The report also stated that the 22-year-old had died of pulmonary oedema or fluid in the lungs. It also stated that there were no fractures on his body or damage to his vital organs.

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  10. #40
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    Murugiah refutes claim Kugan's body was tampered

    Murugiah refutes claim Kugan's body was tampered

    Posted by admin
    Friday, 06 March 2009 08:59

    (New Straits Times) - Deputy Minister in the Prime Minister's Department Senator T. Murugiah rubbished claims that A. Kugan's body was tampered with by his family members before the post-mortem.

    "The family members were distraught, yes, but I did not see anyone mishandling the body when I was there," he told reporters after meeting residents from Kota Damansara who were unhappy over the construction of a hypermarket in their neighbourhood.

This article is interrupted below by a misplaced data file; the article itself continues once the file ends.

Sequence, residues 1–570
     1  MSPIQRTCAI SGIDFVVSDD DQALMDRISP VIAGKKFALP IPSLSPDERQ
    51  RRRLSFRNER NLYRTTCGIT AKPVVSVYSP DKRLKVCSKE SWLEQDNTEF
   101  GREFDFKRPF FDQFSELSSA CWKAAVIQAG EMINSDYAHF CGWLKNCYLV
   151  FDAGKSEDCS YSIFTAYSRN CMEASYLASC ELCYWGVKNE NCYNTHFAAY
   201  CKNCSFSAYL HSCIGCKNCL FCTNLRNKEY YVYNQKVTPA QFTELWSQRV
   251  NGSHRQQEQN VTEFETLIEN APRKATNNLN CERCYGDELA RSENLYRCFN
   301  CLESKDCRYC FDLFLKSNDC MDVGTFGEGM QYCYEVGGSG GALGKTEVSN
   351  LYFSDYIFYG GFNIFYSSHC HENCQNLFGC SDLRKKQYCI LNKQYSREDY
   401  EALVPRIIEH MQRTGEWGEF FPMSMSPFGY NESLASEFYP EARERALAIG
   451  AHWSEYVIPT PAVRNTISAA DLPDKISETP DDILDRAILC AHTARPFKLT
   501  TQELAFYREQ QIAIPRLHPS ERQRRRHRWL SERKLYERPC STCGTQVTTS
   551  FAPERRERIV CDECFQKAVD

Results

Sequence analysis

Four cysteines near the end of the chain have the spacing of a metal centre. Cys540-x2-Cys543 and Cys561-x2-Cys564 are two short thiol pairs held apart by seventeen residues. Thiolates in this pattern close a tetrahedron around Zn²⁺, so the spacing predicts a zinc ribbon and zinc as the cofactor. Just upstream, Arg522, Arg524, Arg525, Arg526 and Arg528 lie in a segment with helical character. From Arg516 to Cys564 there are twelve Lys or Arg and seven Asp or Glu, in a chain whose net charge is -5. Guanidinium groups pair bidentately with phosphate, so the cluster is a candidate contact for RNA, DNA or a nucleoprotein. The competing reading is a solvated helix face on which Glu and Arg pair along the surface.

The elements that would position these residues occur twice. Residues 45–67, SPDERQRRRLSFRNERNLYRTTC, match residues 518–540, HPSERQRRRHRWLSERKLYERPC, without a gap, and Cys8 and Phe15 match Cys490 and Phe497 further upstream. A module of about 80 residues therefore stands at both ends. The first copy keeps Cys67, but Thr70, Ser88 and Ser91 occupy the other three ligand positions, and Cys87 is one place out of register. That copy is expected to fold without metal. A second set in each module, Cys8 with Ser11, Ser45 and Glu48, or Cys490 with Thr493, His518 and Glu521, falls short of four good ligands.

Murugiah said he did not see any pool of blood on the floor as claimed by the Serdang Hospital medical officers.

    He also said that he was not aware that the medical officers had been hiding in an adjoining room of the mortuary from the mob of about 50 people as he had been speaking to a doctor whom he declined to name.

    Murugiah went on to say that the entire incident had been recorded on video and that the evidence had already been sent for investigation.
    "Attorney-General Tan Sri Abdul Gani Patail has assured me that he would be looking into the case. We will just leave it to him to reach a decision," he said.

    "The truth will eventually prevail," he added.